Friday, June 20, 2008
CBS, Channel 5, has three video clips of us, the first two posing with the bust of Harvey Milk, the third walking down the stairs of the rotunda.
CBS also ran this picture from Getty Images - below are two more from Getty:
Thursday, June 19, 2008
Wednesday, June 18, 2008
Tuesday, June 17, 2008
Saturday, June 7, 2008
My first stab at blogging came in the year leading up to my 30th birthday. Determined to publish something by the time I turned 30, I launched disciplineandpublish.com, a site for daily writing. The term blog didn't have the ubiquity it suffers from today, but I felt D&P really wasn't one - "this isn't going to be one of those Web diaries" is how I think I phrased it in an initial posting. The idea, modeled after the Daily Themes course in daily writing I took at Yale with Wayne Koestenbaum, was to write every day. It could be fiction, poetry, essay, diary, mock news - anything, as long as it was at least 300 words. It was a good exercise and out of 366 postings there were ten or so I wound up liking. I've posted them here.
Back then it wasn't so terribly competitive to get an audience if you wrote and posted something on a daily basis, and one of the very nicest things about D&P was the people I met doing it. One D&P reader was Cooley Windsor, who was at the time a writing resident at the Headlands Center for the Arts. He invited me to read there with him, and so D&P had its closing ceremonies, on my 30th birthday, in that august and splendid setting.
Cooley's short story collection Visit Me in California, coming out in August, just got this review in Publishers Weekly (emphasis added):
Visit Me in California: Stories
Cooley Windsor. Northwestern Univ./Triquarterly, $16.95 (130p) ISBN 978-0-8101-2496-7
San Francisco poet Windsor's punchy, edgy briefs find his characters often caught in Homeric and Old Testament entanglements. “The Last Israelite in the Sea” imagines a protagonist running after Moses after the Red Sea miraculously parts, feeling rapturous but also terrified, barefoot and unable to swim, that he won't make it to shore. “The Art of War” finds various Homeric characters in painfully human situations, such as Paris, steeped in pornography as a youth and unable to consummate his desire for Helen because her beauty only underscores his imperfections, or Achilles, accidentally shot by a farm boy in the chest rather than in the heel. Some selections have a poignant memoiristic feel, as in the elegiac “I'll Be You,” in which the friend of a dying gay man in San Francisco has to make choice that places him between his friend and his friend's caring Tulsa mother. Windsor's stories possess the startling, memorable quality of the brightest fiction. (Aug.)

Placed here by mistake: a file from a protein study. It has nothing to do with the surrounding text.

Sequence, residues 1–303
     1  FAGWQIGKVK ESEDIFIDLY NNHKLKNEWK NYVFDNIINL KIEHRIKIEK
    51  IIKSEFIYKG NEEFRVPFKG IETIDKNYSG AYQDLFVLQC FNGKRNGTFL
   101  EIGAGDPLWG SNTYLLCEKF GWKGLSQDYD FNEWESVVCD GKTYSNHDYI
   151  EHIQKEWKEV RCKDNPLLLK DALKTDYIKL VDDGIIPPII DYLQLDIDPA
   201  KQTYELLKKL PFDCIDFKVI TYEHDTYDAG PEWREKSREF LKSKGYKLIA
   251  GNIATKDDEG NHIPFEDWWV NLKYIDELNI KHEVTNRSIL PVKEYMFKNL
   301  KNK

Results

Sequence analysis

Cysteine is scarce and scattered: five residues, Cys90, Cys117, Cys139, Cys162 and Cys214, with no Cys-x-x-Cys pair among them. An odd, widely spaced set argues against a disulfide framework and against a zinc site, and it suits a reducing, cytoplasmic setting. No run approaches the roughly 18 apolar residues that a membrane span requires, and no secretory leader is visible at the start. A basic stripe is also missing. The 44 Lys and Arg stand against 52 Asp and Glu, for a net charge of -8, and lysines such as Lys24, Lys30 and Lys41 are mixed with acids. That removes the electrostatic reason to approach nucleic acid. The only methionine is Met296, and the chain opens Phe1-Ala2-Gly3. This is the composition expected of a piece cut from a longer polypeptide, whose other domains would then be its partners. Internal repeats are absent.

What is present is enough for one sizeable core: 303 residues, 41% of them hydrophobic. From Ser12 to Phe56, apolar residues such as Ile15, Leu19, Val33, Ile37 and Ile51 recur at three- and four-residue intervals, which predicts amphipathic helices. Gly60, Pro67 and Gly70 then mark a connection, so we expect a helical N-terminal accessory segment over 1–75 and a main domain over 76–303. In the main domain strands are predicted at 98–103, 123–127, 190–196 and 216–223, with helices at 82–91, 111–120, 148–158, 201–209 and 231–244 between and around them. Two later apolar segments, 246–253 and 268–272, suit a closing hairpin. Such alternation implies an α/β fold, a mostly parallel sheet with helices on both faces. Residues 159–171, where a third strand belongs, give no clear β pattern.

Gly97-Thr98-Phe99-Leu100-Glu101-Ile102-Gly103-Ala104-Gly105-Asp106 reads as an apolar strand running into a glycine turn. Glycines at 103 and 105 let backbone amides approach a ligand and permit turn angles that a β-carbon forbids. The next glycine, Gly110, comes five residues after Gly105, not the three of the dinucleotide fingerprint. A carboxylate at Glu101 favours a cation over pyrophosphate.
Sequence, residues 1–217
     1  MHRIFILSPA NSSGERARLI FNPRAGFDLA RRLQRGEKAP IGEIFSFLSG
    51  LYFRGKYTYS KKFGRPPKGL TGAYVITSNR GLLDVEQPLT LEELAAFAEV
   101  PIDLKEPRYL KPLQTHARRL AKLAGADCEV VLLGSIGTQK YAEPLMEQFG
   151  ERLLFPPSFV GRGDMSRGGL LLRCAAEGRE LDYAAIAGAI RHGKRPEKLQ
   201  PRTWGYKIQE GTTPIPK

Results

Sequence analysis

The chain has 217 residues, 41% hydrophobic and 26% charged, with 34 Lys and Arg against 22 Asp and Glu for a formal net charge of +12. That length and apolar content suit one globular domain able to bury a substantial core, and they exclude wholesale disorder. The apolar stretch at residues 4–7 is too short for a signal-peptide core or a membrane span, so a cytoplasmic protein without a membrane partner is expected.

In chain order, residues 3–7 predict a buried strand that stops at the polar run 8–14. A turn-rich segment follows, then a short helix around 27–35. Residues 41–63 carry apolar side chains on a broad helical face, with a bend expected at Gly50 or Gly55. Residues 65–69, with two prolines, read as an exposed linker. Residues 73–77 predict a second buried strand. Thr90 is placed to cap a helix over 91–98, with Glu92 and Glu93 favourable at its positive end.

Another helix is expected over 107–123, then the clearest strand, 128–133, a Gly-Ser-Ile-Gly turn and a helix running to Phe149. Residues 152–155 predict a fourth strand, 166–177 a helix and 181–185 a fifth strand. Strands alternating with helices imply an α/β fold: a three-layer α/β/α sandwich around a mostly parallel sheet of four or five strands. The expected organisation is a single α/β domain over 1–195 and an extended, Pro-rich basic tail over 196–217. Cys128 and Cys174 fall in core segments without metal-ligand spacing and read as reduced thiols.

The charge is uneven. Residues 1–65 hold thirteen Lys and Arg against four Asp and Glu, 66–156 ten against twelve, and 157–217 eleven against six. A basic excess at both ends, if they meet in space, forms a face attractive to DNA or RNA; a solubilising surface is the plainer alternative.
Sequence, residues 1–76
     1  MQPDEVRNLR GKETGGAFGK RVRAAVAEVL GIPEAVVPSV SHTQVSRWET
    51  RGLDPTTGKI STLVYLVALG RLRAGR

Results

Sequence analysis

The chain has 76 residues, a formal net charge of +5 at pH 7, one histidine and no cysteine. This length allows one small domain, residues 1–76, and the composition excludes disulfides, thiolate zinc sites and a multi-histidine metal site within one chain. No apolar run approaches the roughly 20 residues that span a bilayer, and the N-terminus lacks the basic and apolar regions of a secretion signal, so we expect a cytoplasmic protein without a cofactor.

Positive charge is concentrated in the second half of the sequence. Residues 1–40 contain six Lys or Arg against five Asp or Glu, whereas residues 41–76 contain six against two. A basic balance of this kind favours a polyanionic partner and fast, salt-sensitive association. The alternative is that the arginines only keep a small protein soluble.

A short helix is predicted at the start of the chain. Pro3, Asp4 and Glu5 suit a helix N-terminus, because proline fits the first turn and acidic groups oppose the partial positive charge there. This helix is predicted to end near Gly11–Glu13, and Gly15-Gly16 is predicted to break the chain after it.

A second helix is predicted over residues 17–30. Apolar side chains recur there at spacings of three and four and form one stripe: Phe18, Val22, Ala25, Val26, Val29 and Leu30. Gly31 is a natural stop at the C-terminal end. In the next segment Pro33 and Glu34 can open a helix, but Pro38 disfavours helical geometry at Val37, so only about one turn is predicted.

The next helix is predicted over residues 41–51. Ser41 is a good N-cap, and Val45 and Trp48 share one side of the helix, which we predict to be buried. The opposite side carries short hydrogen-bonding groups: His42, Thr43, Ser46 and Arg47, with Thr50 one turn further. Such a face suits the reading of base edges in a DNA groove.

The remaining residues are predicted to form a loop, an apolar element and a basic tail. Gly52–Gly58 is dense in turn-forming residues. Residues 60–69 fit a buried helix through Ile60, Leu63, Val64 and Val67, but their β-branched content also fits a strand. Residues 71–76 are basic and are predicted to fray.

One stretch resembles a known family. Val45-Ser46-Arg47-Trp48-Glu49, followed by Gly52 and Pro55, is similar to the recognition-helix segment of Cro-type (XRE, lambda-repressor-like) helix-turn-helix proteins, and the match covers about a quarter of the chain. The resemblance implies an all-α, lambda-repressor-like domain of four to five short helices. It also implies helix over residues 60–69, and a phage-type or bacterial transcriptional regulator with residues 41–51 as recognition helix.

Thursday, June 5, 2008
Magnet, 4122 18th Street
Opening reception, Friday, 6 July, 8-10 p.m.
Normal hours: Tue 11 - 6pm Wed 2 - 9pm Thu 2 - 9pm Fri 2 - 9pm Sat 11 - 6pm
I'll see the show but miss the opening party because it conflicts with the second night of the Stephen Pelton Dance Theater show at Dance Mission, in which I'm playing the snappy number from the Ravel sonata for violin and cello. But you can do both! Our show is tonight, Friday and Saturday at 8, and Sunday at 7. Remember that no one is turned away for lack of funds.
Thursday - Saturday at 8 p.m., Sunday at 7 p.m.
Dance Mission Theater
3316 24th St
San Francisco, CA 94110
- Paul Festa’s first film, Apparition of the Eternal Church (2006, 51 min), captures the responses of 31 artists to the apocalyptic music of Olivier Messiaen (with Justin Bond, John Cameron Mitchell, Harold Bloom; screenings: Grace Cathedral, Barbican Centre, Library of Congress; “Remarkable”—The New Yorker; “Stunning”—Chicago Sun-Times; “Sublime”—Globe & Mail; numerous awards). Festa performs the Tchaikovsky violin concerto, opposite members of the San Francisco Ballet and The Cockettes, in his award-winning second film, The Glitter Emergency (2010, 20 min), a silent-film drag ballet comedy (“Enormous visual and musical inventiveness…full of pleasure and joy...Festa gives a bravura performance."—Film Threat). He produced, wrote and edited, with director Austin Forbord, and was chief archivist, for the Emmy-nominated documentary Stage Left: A Story of Theater in San Francisco (2010, 80 min: with Robin Williams, Bill Irwin, Peter Coyote; screenings: Geary Theater, KQED; “Intriguing...entertaining...a valuable record”—Variety). Performances as violinist and actor: ODC Theater, Center for Performance Research, Kunst-Stoff, TheatreFIRST, North Bay Shakespeare, Albert Fuller's Helicon Ensemble (Merkin Hall, Weill Hall at Carnegie Hall, Alice Tully Hall). US, Boston, NYC, SF, LA and DC (Coolidge Auditorium at the Library of Congress on the “Betts” Stradivarius) premieres of Messiaen’s Fantaisie for violin and piano. He is the author of OH MY GOD: Messiaen in the Ear of the Unbeliever, based on Apparition of the Eternal Church, and several anthologized essays, and has written for The Daily Beast, Salon, Nerve, and The New York Times Book Review. Current projects include a novel and Tie It Into My Hand (2014, ca. 80 min), a documentary feature that has screened as a work in progress at the Cannes film market and at ODC Theater in San Francisco (with Alan Cumming, Gary Graffman, Peter Coyote, Mink Stole, Robert Pinsky; "A fascinating exploration of the artistic life, as rollickingly entertaining as it is insightful and stirring."—San Francisco Bay Guardian). Education: Yale (B.A.; prizes, honors, distinction), Juilliard (Cert., Adv. Cert., scholarships). Residencies: Yaddo, MacDowell, ODC Theater, Centre des Récollets.
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